I survived and even managed to get on a ship that was to take me to America. All I had with me was a small backpack which contained a change of underwear and a book — and five dollars in my pocket. I earned my passage doing odd jobs on board the ship, and as I was leaving the ship upon arrival in the States, the captain said that he thought I “would make it real big” in life… It was very encouraging to hear him say it, the first such encouragement in several years of moving from place to place. America turned out to be a world which took a lot of adjustment to feel comfortably in — and also it turned out to be a launch pad for my future career.
You are the only Lithuanian who rose very high in a US government body (Administrator of the U.S. Environment Protection Agency). Did you get promoted thanks to somebody’s recommendations?
Soon after arrival in the United States, I found a blue-collar job with a manufacturer of spare car parts in Chicago. It was a hard job, and every day by the end of the working hours, not only I was very tired but my hands were all in bruises and cuts. On the way home, I kept my hands thrust deep into my pockets so that nobody would see them. At home I applied disinfectant to the cuts and by morning they would begin to heal but during the working day I got more cuts and the old ones would reopen. I walked through the streets after work, my hands in the pockets of my old, patched-up jacket looking at the beautiful cars and luxurious mansions, thinking to myself, I don’t want to be poor and I will achieve a better station in life. I knew that in order to live better I had to get good education and at the first opportunity I went to study. I had determination and perseverance and intellect and I drove myself very hard.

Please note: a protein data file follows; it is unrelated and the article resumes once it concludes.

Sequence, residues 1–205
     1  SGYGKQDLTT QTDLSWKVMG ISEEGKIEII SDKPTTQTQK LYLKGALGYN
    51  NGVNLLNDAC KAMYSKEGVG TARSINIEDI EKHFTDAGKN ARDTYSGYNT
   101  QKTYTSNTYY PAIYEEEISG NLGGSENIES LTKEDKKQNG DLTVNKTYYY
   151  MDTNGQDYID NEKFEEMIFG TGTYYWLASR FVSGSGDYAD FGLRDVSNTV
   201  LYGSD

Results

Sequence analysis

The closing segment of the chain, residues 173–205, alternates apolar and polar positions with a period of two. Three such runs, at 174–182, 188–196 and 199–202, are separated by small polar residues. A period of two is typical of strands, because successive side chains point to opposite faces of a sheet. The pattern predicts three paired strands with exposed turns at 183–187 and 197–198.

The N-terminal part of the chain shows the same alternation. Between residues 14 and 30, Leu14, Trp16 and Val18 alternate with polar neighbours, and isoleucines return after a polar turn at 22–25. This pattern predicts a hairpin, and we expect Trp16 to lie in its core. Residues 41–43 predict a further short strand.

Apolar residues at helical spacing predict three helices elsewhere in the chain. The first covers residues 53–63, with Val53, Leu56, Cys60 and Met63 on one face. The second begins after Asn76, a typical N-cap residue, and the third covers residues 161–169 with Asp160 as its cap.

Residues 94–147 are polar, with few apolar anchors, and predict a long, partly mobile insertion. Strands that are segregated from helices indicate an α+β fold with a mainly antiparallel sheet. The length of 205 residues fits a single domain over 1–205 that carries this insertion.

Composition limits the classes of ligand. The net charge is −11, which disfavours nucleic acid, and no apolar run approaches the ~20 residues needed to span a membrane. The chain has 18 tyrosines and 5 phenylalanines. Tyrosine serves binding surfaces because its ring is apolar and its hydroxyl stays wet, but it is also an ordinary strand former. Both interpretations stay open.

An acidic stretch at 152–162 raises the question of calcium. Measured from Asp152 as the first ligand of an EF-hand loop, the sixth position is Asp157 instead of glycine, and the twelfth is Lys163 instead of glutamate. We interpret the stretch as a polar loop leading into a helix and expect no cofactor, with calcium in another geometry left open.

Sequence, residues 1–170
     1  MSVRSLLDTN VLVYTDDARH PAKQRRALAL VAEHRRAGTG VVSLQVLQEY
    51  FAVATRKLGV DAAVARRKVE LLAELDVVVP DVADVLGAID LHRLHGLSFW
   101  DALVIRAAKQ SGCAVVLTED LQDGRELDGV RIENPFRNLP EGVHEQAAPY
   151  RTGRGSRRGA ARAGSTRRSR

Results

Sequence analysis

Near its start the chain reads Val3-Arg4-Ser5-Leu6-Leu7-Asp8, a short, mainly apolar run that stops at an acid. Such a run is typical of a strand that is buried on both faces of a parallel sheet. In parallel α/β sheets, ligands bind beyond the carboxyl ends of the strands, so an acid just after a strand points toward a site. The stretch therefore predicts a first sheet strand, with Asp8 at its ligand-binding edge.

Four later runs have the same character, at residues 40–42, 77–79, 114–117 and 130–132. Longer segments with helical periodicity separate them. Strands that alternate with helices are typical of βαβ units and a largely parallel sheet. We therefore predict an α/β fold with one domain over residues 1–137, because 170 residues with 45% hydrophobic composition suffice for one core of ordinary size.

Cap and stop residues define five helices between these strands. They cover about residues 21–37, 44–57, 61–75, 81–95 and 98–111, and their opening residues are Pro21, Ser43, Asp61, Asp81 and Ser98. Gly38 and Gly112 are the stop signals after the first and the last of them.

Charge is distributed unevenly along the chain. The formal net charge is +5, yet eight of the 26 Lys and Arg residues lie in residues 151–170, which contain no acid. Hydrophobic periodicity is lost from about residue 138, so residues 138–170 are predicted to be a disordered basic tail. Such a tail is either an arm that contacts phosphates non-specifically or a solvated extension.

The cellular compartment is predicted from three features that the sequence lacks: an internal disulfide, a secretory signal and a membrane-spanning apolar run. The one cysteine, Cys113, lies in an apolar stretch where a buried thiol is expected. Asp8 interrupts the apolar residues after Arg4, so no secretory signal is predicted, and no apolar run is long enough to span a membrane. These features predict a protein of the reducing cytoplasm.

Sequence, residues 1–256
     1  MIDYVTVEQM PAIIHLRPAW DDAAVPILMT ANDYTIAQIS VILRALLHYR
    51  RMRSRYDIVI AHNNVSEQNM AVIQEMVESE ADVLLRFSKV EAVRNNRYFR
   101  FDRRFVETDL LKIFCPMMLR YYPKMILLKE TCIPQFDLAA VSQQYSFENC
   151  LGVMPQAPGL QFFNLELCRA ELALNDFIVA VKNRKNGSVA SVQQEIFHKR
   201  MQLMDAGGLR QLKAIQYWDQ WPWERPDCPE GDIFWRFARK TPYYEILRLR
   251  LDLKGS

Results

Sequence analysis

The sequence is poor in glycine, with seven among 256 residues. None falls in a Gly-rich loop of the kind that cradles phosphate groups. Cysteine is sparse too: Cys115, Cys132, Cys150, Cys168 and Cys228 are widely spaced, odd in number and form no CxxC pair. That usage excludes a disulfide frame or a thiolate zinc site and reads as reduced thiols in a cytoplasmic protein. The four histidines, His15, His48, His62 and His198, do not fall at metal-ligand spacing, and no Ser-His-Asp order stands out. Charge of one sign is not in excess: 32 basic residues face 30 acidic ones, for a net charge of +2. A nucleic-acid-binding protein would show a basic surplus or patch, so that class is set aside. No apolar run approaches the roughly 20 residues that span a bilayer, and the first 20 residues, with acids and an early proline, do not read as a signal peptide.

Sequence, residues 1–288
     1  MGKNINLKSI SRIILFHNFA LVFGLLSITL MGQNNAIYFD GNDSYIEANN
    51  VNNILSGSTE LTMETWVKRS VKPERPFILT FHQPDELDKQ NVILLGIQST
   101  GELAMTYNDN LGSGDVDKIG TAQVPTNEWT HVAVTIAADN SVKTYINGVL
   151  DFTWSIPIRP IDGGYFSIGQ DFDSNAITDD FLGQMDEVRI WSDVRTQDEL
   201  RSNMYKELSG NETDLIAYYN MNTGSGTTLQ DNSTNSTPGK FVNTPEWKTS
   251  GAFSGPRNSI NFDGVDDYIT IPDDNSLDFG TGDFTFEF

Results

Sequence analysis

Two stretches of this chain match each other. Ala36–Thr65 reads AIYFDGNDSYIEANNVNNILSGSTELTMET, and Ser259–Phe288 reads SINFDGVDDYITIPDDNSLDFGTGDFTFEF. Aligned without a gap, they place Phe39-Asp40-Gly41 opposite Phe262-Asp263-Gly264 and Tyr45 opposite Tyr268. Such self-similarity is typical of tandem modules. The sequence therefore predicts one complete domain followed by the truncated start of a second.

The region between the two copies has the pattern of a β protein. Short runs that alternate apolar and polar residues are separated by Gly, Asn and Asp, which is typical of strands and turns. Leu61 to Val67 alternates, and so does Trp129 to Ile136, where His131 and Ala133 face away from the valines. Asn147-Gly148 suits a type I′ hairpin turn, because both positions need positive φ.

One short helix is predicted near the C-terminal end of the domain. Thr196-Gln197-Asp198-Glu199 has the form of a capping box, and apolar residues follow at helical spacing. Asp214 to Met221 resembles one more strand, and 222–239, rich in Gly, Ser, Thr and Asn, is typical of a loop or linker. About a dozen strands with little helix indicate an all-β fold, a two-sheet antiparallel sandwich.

But was there anybody who helped you in some way then?
Yes, and I’m very grateful to my parents and some people from the Lithuanian community in Chicago. Without their support I would not have made it. We knew very little about the life of the country we found ourselves in, we had no money, but the Lithuanian Diaspora numbered at that time over 200,000 people. Mostly they were emigres who came to America in the early twentieth century, who were blue-colour workers, spoke English poorly but they managed to preserve a wonderful unity. They were always ready to help each other. They published a newspaper in Lithuanian, they ran a Lithuanian programme on the radio, and they gave us, young people, their heart and soul. They were trail-blazers, they made it possible for us to move forward to a better life. My parents never learnt to speak English well, but my mother was saving money — cent by cent — so that I would be able to study. And she never reproached me for anything.
Did you feel nostalgia for your native land?
Of course I did! It was a deep feeling, but at the same time it was an uplifting and patriotic feeling. I longed for the world which I had left in Lithuania, thousands of miles away, and the more I lived away from it, the more my memories of my native land acquired bright colours and warmth. I always thought that I’d use the first chance to go back, if not for good, but at least for a visit. The first time such a chance presented itself was in 1972.